What someone suggested to me earlier was to listen to Mayor Gregor Robertson's speech at today's announcement. I was not able to attend the press conference so I'll have to rely upon the reports of others. Robertson to date has never liked to give credit to Sullivan, Rogers or anyone before his government when it comes to cutting these kinds of ribbons. It's a sign that despite winning successfully in the last election he lacks the confidence to share the stage with his political opponents. I hope that during today's announcement that he and his Vision colleagues are a bit more generous to those who made this significant housing commitment happen.
Here below is the Province's announcement. The full release on their website includes a backgrounder with specifics on the properties affected. See also the Globe and Mail report from this morning, a story broken by Frances Bula.
- post by Mike
$225M IN HOUSING INVESTMENTS TO CREATE 1,006 NEW HOMES
The Province of British Columbia, City of Vancouver and the Streetohome Foundation are partnering to provide more than 1,000 new supportive-housing units in Vancouver, Premier Gordon Campbell announced today.
“These new investments will make a significant difference in improving the lives of more than 1,000 people who are homeless or at risk of homelessness,” said Premier Campbell. “I want to thank all the partners who have come together to improve the lives of people looking for safe and secure housing.”
The 1,006 new supportive-housing units will be located on eight sites owned by the City of Vancouver. The Province is providing $205 million and the Streetohome Foundation is providing $20 million towards construction as part of a new agreement that will see the foundation raise money from the private sector. The City of Vancouver provided the eight sites announced today valued at about $32 million.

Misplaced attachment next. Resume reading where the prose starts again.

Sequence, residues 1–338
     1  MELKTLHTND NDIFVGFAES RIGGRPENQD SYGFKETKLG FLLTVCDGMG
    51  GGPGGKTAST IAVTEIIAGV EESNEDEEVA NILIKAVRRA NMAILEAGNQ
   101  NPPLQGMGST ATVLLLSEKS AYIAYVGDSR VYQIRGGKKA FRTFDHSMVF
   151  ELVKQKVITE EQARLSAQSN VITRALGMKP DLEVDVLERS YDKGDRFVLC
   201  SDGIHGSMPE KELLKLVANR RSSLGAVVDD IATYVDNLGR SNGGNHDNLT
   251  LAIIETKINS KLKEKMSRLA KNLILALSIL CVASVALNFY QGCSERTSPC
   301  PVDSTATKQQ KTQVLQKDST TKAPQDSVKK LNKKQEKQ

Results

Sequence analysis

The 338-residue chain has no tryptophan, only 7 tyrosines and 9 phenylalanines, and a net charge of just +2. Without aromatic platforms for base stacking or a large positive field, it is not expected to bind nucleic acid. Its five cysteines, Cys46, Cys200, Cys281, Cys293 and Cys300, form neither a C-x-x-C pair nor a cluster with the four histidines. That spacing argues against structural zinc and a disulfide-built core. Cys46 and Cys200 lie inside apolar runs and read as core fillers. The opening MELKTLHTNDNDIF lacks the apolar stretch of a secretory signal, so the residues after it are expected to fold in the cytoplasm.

“We firmly believe that permanent housing with the appropriate supports is going to improve the quality of life for those on the street, or who are at risk of becoming homeless,” said John McLernon, chair of the Streetohome Foundation. “This is a major step forward in our goal to bridge the housing gap in Vancouver, and today we are announcing the first donation of $5 million from Frank Giustra, Streetohome Campaign Chair, toward our capital campaign.”
The eight new projects are in addition to six projects previously announced by the Province and the City that will see 569 new supportive housing apartments. Combined, the 14 sites will provide 1,575 new units, create more than 2,100 direct jobs and represent a capital investment of $333.4 million. The City has contributed 14 parcels of land valued at about $64 million to the overall project. Construction on the original six sites has already begun. Construction on the remaining eight sites will begin this year subject to final municipal approvals.